Can “Cooperative Polycentrism” stop the drift to global confrontation in 2019?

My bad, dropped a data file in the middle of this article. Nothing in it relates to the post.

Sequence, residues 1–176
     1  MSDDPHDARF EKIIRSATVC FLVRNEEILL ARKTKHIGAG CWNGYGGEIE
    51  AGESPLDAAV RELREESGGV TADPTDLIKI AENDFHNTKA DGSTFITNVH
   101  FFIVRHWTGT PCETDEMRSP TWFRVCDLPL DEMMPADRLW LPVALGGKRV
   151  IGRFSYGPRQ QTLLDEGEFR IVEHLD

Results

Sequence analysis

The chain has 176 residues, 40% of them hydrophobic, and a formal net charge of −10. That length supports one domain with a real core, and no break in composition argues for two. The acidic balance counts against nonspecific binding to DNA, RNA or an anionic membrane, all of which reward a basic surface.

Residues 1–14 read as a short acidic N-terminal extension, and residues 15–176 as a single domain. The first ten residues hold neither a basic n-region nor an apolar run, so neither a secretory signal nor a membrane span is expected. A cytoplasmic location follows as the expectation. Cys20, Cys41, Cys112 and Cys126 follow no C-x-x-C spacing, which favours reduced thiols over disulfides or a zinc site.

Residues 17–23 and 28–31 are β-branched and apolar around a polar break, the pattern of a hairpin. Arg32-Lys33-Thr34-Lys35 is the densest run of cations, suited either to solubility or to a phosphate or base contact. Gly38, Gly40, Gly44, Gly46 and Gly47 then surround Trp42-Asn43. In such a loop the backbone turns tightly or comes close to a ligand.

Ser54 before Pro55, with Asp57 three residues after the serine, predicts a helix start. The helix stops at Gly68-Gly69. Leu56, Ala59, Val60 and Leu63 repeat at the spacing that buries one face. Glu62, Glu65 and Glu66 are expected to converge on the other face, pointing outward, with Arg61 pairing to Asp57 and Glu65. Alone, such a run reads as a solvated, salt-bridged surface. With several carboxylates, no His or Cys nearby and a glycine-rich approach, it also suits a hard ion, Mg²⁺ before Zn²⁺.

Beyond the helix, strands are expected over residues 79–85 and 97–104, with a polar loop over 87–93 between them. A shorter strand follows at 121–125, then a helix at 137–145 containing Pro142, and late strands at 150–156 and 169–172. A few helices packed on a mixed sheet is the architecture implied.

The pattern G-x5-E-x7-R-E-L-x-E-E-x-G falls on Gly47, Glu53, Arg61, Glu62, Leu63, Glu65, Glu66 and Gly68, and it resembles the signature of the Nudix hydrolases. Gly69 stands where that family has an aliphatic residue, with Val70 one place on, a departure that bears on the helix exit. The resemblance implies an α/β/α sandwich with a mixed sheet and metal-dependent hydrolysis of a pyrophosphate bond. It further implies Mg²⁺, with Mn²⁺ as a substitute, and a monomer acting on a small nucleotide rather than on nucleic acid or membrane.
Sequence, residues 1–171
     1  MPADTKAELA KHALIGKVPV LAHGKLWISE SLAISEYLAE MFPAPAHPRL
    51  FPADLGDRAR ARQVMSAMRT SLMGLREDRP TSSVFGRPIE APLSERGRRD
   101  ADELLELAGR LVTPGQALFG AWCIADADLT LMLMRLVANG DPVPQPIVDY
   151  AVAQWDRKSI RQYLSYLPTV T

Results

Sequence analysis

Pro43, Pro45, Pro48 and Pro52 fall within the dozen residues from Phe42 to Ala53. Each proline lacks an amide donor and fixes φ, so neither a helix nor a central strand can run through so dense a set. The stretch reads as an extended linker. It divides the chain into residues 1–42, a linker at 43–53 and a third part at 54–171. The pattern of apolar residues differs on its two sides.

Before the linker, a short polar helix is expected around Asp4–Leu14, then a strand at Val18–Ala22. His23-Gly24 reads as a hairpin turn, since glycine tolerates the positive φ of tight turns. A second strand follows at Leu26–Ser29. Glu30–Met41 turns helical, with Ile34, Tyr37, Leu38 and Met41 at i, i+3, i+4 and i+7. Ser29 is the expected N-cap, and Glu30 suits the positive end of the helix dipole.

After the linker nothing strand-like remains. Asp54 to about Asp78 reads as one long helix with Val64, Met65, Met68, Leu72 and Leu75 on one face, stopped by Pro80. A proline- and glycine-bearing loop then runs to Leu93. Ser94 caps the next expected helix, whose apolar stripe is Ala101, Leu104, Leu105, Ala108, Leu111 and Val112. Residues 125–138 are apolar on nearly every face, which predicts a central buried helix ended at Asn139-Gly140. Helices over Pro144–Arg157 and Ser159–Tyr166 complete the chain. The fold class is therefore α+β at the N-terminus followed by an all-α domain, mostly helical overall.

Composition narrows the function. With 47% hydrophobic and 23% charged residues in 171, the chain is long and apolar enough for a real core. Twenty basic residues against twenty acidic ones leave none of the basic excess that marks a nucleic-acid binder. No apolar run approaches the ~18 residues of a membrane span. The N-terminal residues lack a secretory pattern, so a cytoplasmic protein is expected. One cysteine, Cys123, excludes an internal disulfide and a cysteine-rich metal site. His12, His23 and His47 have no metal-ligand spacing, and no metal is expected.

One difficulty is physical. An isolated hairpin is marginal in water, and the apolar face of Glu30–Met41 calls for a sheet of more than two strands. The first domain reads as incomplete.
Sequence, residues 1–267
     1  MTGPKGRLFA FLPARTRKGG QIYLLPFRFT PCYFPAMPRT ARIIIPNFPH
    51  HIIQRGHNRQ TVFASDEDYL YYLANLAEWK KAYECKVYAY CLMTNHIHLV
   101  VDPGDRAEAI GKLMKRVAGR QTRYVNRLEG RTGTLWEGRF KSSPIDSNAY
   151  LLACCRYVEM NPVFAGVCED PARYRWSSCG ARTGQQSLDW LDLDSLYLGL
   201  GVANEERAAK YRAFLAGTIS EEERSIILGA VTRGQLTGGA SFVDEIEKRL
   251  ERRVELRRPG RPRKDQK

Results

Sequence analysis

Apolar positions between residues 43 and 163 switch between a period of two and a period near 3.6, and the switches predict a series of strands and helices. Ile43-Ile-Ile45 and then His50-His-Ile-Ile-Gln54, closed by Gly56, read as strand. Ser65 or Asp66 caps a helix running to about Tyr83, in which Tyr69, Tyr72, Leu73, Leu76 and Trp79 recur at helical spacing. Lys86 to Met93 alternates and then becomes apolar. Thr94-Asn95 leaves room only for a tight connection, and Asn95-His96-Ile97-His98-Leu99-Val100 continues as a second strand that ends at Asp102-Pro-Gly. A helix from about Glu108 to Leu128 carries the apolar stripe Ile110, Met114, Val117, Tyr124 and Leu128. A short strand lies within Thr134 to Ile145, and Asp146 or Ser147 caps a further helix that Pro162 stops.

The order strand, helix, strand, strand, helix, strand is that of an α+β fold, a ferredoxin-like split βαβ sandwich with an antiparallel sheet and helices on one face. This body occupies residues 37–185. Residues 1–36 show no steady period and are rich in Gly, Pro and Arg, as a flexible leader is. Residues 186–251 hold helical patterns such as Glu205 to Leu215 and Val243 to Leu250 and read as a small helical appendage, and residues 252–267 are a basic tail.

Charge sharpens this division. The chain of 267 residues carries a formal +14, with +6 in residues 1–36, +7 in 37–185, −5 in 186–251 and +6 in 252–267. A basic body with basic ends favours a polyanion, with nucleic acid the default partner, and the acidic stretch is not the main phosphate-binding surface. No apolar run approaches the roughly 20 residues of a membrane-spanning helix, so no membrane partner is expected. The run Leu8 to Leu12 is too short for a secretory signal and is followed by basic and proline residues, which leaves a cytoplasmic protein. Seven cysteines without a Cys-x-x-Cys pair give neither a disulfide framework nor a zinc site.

By Elisabeth Hellenbroich In a recent Annual Analysis Report compiled by the US based think tank “Stratfor”, a strategic forecast is given for 2019. The main thesis is that 2019 will be determined by a “great power competition”. What the authors don’t say is that one of the main drivers of the global power competition is the US under its new President Trump, who under the slogan “America first” has ruthlessly engaged in attempts to re-impose a US guided unipolar order upon the rest of the world. Whoever opposes this design will be strategically punished or blackmailed. As result one sees at present a total freeze in US/ Russian but also EU/Russia relations, accompanied by a widening division within the EU, new trade war threats on a global scale, in particular against China and EU, and the continuation of the game “divide and rule” pushed by the US in Europe as well as an offensive encirclement of Russia with new military bases and new missile defense systems in Romania, Poland, the Mediterranean as well as rearming Ukraine. This quite catastrophic outlook which could escalate into a new global war, and which feeds into the hostile anti- Russia rhetoric coming from the European mainstream press, stands in contrast to the thinking of some Russian strategists like Alexander Gromyko from the Institute of Europe Russian Academy of Science, who in a working paper develops the concept, that despite “multi drifting forces”, the room for “constructive” proposals to settle the multiple conflicts should be discussed. Global Power Competition The main line of Stratfor Analysis is that 2019 will be determined by “Great Power Competition” especially between the US and China and by an accelerated “arms race” among the US, Russia and China, given the US recent announcement to cancel the INF treaty. The US will lean on Japan, Europe, Australia, Canada, South Korea and Taiwan in order to establish stronger trade barriers against China, the paper states. Trade volatility in the global economy will increase and the biggest threats for the Eurozone will be a disorderly Brexit and the Italian debt situation, while Germany’s influence and the one of France will wane away. While the US is trying to sabotage the North Stream 2 gas project between Germany and Russia, it is positioning itself as becoming the No. 3 in LNG exports in the world. Disruptive forces will also play a role in the Americas where the US and Brazil will more closely cooperate, trying to contain Chinas influence and a spillover from Venezuela The authors repeatedly underline that the great power competition between the US/ China and Russia will accelerate arms race and competition in cyberspace. It will intensify in 2019 and US will do everything “to erase Chinas drive in a number of strategic fields.” China may take blows and has the means and more motivation than ever to accelerate the time table and to reach parity with the US. Major European powers will try to assert their sovereignty against the US but will remain largely “relative” in a broader competition. As the authors state: “The US /China competition will escalate on all fronts in 2019! China is going to face pressure on tariffs, sanctions. Screws are also on Beijing over potential issues including cyber-attacks and human rights.” The key is that the “US is directly trying to counter the China One Belt One Road Initiative” and that Beijing leverages joint economic access and partnership deals with powers big and small to dilute US alliances. The US will lobby Japan, South Korea, New Zealand and Australia and Taiwan, Canada and Europe to downgrade their ties with major Chinese high tech companies like Huawei and ZTE that will be branded as “National Security Risk” to other countries. 2019 is also a new revolution of the 5th generation tele-communications technology in the world development. The internet of things, virtual and augmented reality; Artificial Intelligence processing, autonomous vehicles and telemedicine which are already areas of intensive US-China competition – Huawei and ZTE have developed technology infrastructure and standards around 5 G. And in terms of global headwinds of the US trade policy it is clear that the US will use “bilateral” trade agreements to discourage EU trading partners from signing trade agreements with China. Given that Eurasia is the worl’s most expansive region connecting East to West forcing a Land Bridge that borders Europe to the Asia Pacific, the Mideast and South Asia, Brussels will see Beijing as a counterbalance to the US when it comes to defend multilateralism. But France and Germany will resist China’s penetration into Europe into sensitive areas such as technology and infrastructure, while “smaller states” will welcome Chinas investment as opportunity to boost their economies. Reverberations of the US threat to leave the INF Since the US will “likely withdraw” from the INF treaty, the arms race among US, Russia and China will accelerate and shake negotiations over the Nuclear Strategic Arms Reduction Treaty. Given the divisions in Europe, the Western powers try to avoid getting caught in an arms race build up, while states living on the front line with Russia – like Poland, the Baltic States and Romania – volunteer to “host US military assets.” The US leads the world in the Ballistic Missile Defense System. “With the western front divided, the US no longer is actively defending and in some cases actively battling the potential war rules based system of managing the global order.” According to the authors, Europe is losing strategic significance: this has to do with mounting frictions inside the EU. As the report underlines, the “biggest fragility of the Italian banking sector will remain the biggest risk to the Eurozone stability while the economic expansion in Europe will slow down overall.” In the month of May European parliament elections will most probably lead to a strengthening of “Eurosceptics” in the EU parliament. A further paralyzing factor for the EU is the US sanctions policy against Russia that is going to intensify in 2019 with extraterritorial implications for third countries, as well as the US threat to leave the INF which will spur a news arms race and bring about a new missile threat for Europe. What will also heavily weigh on Europe is the Future of the Mideast – the US threats against Iran and the non-resolved Syrian war. The report warns that “Idlib could well become a flash point among Turkey and Iran, Syria loyalist forces and more remotely Russia.” Given the US threat to withdraw from the INF Intermediate Range Nuclear Forces Treaty, there will be on the US and Russian side military build-ups throughout 2019. While the US will pressure borderlands such as Poland, Romania et al to host additional assets, the authors add that for its part Russia will add to its military presence and assets in Kaliningrad, western Russia, Crimea and the Black Sea. Russia will also advance its own efforts to increase its military presence and infrastructure in Belarus. Another front in the ongoing conflict between Ukraine and Russia will continue to develop in the Sea of Azov. Both countries will build up naval assets and the US will weigh in security supplies for Ukraine. Hybrid warfare campaign from Russia, according to the authors, will intensify against Western leaning countries, by interfering into national politics, spreading propaganda and launching cyber-attacks and covert operations in a bid to undermine the EU and NATO unity. The report puts a lot of attention to the so called Russian efforts to meddle into the upcoming EU parliamentary elections in May 2019, seeing the opportunity to “supply far right an anti-establishment parties in Hungary, Italy and France.” Russia will also target the Balkan states, especially Serbia, Macedonia and Montenegro, with a mix of policy meddling, disinformation tactics and economic sweeteners to try to stymie their EU integration efforts. US sanctions against Russia The US is expected to impose sanctions on more Russian officials and entities and cut off trade channels and could perhaps downgrade diplomatic ties. The US congress could furthermore pressure the White House to take “more extreme options of targeting Russia sovereign debts or banning dollar transactions with its largest state bank.” Sanctions will be more controversial in the EU but the block will maintain them throughout the year. Russia efforts to insulate itself from sanctions by building up foreign exchange reserves, wealth funds diversifying trade ties and decreasing their exposure and dependence on Dollar transactions will enable it to avoid a major economic crisis in 2019. As the US increases security support for pro-Western states such as Ukraine and Georgia, Washington will also try to push back against Russia influence in states closer to Moscow like Armenia and Uzbekistan. Russia and China will revamp up their economic and energy ties this year and Beijing will also increase its investments in building factories, pipeline, roads railways and other infrastructure projects in Russia especially in the Far East, the report states. The countries will try to strengthen military ties likely increasing the size and scope of their joint military exercises both bilaterally ad multilaterally as through the Shanghai cooperation organization. Russia will seek to strengthen its economic relationship with Japan, and sustain political and economic support for North Korea, pushing for inter-Korean projects while circumventing US sanctions against Pyongyang. In the Mideast Russia will maintain its military support for President Assad and increase ties with Iran as source of leverage against the US. Russian Academician pleads for “cooperative polycentrism” The Stratfor report feeds the wide-spread prejudices in the US and European strategic community, according to which Russia and China are solely to blame for the global strategic disarray. It is worthwhile to counterpose the thesis elaborated in the almost 70 pages Strafor report with a short three page “working paper” that was written by Russian Academician Alexey Gromyko (Corresponding member and Director of the Institute of Europe Russian Academy of Science, RAS), which was published by the RAS, at the end of November 2018. The analysis reads almost like a direct reply. It tries to discuss “options” how to overcome what is seen as “growing divergence between different actors.” Gromyko’s main thesis is that “Russia and the West political relations are in a deep freeze. The factor of Donald Trump and new populism both in the US and Europe change profoundly the tenets of liberal international order, which until recently was taken for granted by the Western political establishment.” As lamentable as this new reality may be, Gromyko suggests, that this new reality can also be used to “promote long term interest of all players” and he outlines what steps can be taken to minimize sharp tension of the transition period and to maximize opportunities to escape what he calls “the dangerous zone of confrontation.” Gromyko starts his observation that while in the past years there was the narrative of a “Greater Europe from Lisbon to Vladivostok,” which included Russia, by 2018 this all ended up with the “schism” between Russia and the West as well as with multiple splits and cracks in the Euro-Atlantic itself. New significant changes came with the phenomenon of Donald Trump that have “enhanced tensions not only between the US and Europe but also inside Europe.” Today the EU is more divided than ever since 1957. It has also failed to prevent the nightmare coming true of losing a member which turned out to be Britain. The key question is, “if the EU will be able to regroup and to contribute to the shaping a new equilibrium in international relations.” The author observes what he calls a “growing divergence: between Europe and the US, between the US and Russia, between the EU and Russia, between the US and China.” He describes it as “multi-drifting or multi-divergence, when centrifugal forces tear up a fabric of international relations” with the exception of the strategic convergence between Russia and China, which according to Gromyko for the foreseeable future serves national interests of both countries and the integration process in Eurasia and broader in the Asia-Pacific region. He predicts that the world is getting more and more “Asia centric and that this is not going to change for a long time.” Gromyko notes that instead of the extended West or Greater Europe narratives, these days in Russia “we develop discourse of Greater Eurasia: Post-Soviet space integration projects plus their partners in the Asia-Pacific region, primarily One Belt, One Road and ASEAN+ which implies nowadays the interaction first of all between the Eurasian Economic Union and the Asia-Pacific Union.” Gromyko looks more critically at the other mega project “Greater Asia with China at its core” and calls an “illusion” to believe in “benign hegemony”. He warns that at present “multi-polarity is moving along the track of crystallizing regional orders, which are at odds with each other. This is not a co-operative polycentrism, based on multilateralism and common rules enshrined in the Charter of the United Nations and the Helsinki process.” There is, what he calls “a silver lining in the cloud, as Russia and a number of European countries try together to salvage the nuclear deal with Iran, object to extraterritorial sanctions of the USA, criticize the US for a decision to abandon the INF treaty and to move the US embassy from Tel Aviv to Jerusalem, are engaged in Normandy format, talk with each other on conflict resolution in Syria and build North Stream”. By doing so they show that co-operative polycentrism with the EU and Russia as stakeholders is possible. Hence Europe and different parts of Europe need “long term geopolitical leverage.” Seven recommendations for avoiding confrontation Elements of these are, according to Gromyko, the resumption of talks between the EU and the Eurasian Economic Union concerning talks of the revamped Basic Treaty; the resumption of talks between the EU and Russia on the visa free regime; joint actions in the Normandy format to facilitate the discussions on the new hybrid US/ OSCE peacekeeping mission in Donbas; a common EU/Russia effort with Washington and vis-a-vis Washington to minimize damage, ensuing from its decision to leave the INF. The need to relaunch “Strategic Stability consultations between Russia and the United State” (Russian proposals on this subject were handed over by Vladimir Putin to Donald Trump in Helsinki in July 2018; they include the INF and START 3 issues). The author notes that it is amusing to see how certain people in Europe justify Washington’s line with respect to the INF who keep talking about Russian violations of the INF treaty, ignoring the fact that Russia for years has not been pointing out violations of the treaty by the US and has been calling for military specialists of the two countries to meet to discuss all the issues involved. “This problem, accusations and counter-accusation should be dealt with in a professional way, not through megaphone diplomacy.” The author also sees the need to “resume some least sensitive challenges of interaction in the NATO-Russia Council, for example the work of the NRC Science for Peace and Security Committee.” And he urges to “maintain momentum of the November Russia-Turkey–Germany–France summit on Syria.”]]>